As we mentioned yesterday, the discussions reported as taking place in the recent Catholic Synod on the Family seemed remarkably shy about addressing the needs of plain, ordinary, normal families, whatever religion or political system within which the family subsists. There seemed to be an over-emphasis on “hard cases” and what to do about them, and very little attention paid to the increasingly desperate situation of the Just Plain Old Family, everywhere more and more being subsumed into, not merely subsisting within, the State.
This seems particularly egregious for an event sponsored by the Catholic Church. After all, the very first “social encyclical,” Rerum Novarum, went on at some length about the need to restore and maintain the integrity of the JPOF. Since we probably can’t do better than Leo XIII who issued Rerum Novarum, let’s just quote the relevant sections, and leave it to you to see if the discussions in the Synod addressed any of the issues that the pope considered important:
“12. The rights here spoken of, belonging to each individual man, are seen in much stronger light when considered in relation to man's social and domestic obligations. In choosing a state of life, it is indisputable that all are at full liberty to follow the counsel of Jesus Christ as to observing virginity, or to bind themselves by the marriage tie. No human law can abolish the natural and original right of marriage, nor in any way limit the chief and principal purpose of marriage ordained by God’s authority from the beginning: ‘Increase and multiply.’ Hence we have the family, the ‘society’ of a man's house — a society very small, one must admit, but none the less a true society, and one older than any State. Consequently, it has rights and duties peculiar to itself which are quite independent of the State.
“13. That right to property, therefore, which has been proved to belong naturally to individual persons, must in like wise belong to a man in his capacity of head of a family; nay, that right is all the stronger in proportion as the human person receives a wider extension in the family group. It is a most sacred law of nature that a father should provide food and all necessaries for those whom he has begotten; and, similarly, it is natural that he should wish that his children, who carry on, so to speak, and continue his personality, should be by him provided with all that is needful to enable them to keep themselves decently from want and misery amid the uncertainties of this mortal life. Now, in no other way can a father effect this except by the ownership of productive property, which he can transmit to his children by inheritance. A family, no less than a State, is, as We have said, a true society, governed by an authority peculiar to itself, that is to say, by the authority of the father. Provided, therefore, the limits which are prescribed by the very purposes for which it exists be not transgressed, the family has at least equal rights with the State in the choice and pursuit of the things needful to its preservation and its just liberty. We say, ‘at least equal rights’; for, inasmuch as the domestic household is antecedent, as well in idea as in fact, to the gathering of men into a community, the family must necessarily have rights and duties which are prior to those of the community, and founded more immediately in nature. If the citizens, if the families on entering into association and fellowship, were to experience hindrance in a commonwealth instead of help, and were to find their rights attacked instead of being upheld, society would rightly be an object of detestation rather than of desire.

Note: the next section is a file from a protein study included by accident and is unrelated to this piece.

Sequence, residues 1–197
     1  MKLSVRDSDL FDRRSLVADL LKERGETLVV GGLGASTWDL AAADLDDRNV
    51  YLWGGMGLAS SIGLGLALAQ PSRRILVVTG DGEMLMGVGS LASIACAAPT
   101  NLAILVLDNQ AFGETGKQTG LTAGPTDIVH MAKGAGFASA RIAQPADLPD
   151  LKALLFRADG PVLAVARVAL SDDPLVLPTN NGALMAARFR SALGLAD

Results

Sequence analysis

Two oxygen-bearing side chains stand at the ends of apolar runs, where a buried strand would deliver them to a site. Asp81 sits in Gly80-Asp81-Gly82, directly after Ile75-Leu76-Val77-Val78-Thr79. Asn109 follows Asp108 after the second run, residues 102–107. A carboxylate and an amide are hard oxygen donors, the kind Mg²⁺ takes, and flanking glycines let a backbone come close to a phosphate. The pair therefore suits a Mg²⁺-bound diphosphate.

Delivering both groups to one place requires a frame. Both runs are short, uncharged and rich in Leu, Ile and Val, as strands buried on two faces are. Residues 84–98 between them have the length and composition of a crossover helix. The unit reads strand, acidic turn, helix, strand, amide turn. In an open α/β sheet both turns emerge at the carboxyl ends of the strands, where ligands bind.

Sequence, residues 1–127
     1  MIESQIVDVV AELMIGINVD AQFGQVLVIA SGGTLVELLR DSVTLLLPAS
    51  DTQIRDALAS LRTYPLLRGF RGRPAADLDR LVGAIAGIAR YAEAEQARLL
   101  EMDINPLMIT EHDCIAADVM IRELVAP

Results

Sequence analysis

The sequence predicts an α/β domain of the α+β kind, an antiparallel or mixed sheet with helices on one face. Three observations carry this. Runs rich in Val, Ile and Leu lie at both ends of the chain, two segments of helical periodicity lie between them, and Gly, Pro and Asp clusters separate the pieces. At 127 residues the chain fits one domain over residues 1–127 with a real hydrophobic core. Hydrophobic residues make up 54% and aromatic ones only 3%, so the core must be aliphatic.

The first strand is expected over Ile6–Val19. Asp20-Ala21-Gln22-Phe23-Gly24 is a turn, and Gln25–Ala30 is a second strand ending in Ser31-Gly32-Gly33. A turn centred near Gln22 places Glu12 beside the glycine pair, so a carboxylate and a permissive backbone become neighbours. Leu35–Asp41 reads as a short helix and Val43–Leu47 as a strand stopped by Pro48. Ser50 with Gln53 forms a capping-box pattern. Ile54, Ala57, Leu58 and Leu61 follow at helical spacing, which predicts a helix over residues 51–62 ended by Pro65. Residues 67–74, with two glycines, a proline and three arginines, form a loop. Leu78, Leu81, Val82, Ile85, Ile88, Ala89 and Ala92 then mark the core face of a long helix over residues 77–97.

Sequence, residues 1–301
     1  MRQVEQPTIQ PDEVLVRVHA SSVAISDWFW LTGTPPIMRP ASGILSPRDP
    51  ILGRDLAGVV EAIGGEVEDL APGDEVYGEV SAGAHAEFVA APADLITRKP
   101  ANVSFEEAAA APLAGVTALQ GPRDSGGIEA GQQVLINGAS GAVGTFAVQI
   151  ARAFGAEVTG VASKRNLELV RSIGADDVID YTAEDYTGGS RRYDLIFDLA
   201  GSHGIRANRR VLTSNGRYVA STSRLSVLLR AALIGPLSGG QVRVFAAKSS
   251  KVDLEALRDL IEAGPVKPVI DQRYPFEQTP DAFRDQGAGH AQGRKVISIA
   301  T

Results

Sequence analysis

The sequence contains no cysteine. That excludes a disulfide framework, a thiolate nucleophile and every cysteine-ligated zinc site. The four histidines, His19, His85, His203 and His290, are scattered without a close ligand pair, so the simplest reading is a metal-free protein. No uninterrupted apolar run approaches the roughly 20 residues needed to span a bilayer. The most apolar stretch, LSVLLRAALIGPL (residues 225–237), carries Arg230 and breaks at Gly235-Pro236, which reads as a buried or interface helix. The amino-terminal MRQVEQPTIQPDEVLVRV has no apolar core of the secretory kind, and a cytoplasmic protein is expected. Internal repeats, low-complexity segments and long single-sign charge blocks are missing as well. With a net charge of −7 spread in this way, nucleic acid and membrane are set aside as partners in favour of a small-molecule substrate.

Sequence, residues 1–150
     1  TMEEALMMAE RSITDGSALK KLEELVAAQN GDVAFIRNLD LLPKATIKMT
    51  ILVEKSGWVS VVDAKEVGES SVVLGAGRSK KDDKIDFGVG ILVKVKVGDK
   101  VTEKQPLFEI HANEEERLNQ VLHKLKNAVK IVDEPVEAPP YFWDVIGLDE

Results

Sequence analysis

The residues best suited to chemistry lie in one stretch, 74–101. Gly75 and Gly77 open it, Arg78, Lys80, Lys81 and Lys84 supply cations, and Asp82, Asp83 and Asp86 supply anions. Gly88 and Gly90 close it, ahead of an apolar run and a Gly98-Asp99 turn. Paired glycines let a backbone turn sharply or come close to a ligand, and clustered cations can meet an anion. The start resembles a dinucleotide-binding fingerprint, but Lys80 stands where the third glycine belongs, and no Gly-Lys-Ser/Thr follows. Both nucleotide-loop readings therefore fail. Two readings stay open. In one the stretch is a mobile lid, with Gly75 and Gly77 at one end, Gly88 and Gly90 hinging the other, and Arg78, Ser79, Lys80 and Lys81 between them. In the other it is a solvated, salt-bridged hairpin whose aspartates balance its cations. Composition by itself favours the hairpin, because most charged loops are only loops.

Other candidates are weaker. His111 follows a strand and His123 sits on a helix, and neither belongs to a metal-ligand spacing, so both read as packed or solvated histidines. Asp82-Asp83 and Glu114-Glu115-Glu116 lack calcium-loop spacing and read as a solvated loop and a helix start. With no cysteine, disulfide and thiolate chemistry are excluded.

“14. The contention, then, that the civil government should at its option intrude into and exercise intimate control over the family and the household is a great and pernicious error. True, if a family finds itself in exceeding distress, utterly deprived of the counsel of friends, and without any prospect of extricating itself, it is right that extreme necessity be met by public aid, since each family is a part of the commonwealth. In like manner, if within the precincts of the household there occur grave disturbance of mutual rights, public authority should intervene to force each party to yield to the other its proper due; for this is not to deprive citizens of their rights, but justly and properly to safeguard and strengthen them. But the rulers of the commonwealth must go no further; here, nature bids them stop. Paternal authority can be neither abolished nor absorbed by the State; for it has the same source as human life itself. ‘The child belongs to the father,’ and is, as it were, the continuation of the father's personality; and speaking strictly, the child takes its place in civil society, not of its own right, but in its quality as member of the family in which it is born. And for the very reason that ‘the child belongs to the father’ it is, as St. Thomas Aquinas says, ‘before it attains the use of free will, under the power and the charge of its parents.’ The socialists, therefore, in setting aside the parent and setting up a State supervision, act against natural justice, and destroy the structure of the home.”
To summarize Leo XIII’s main points, 1) Get capital ownership spread out so families can be self-sufficient without relying on the State. 2) Get the State out of the family business and back into the governing business, taking care of the common good, not individual goods.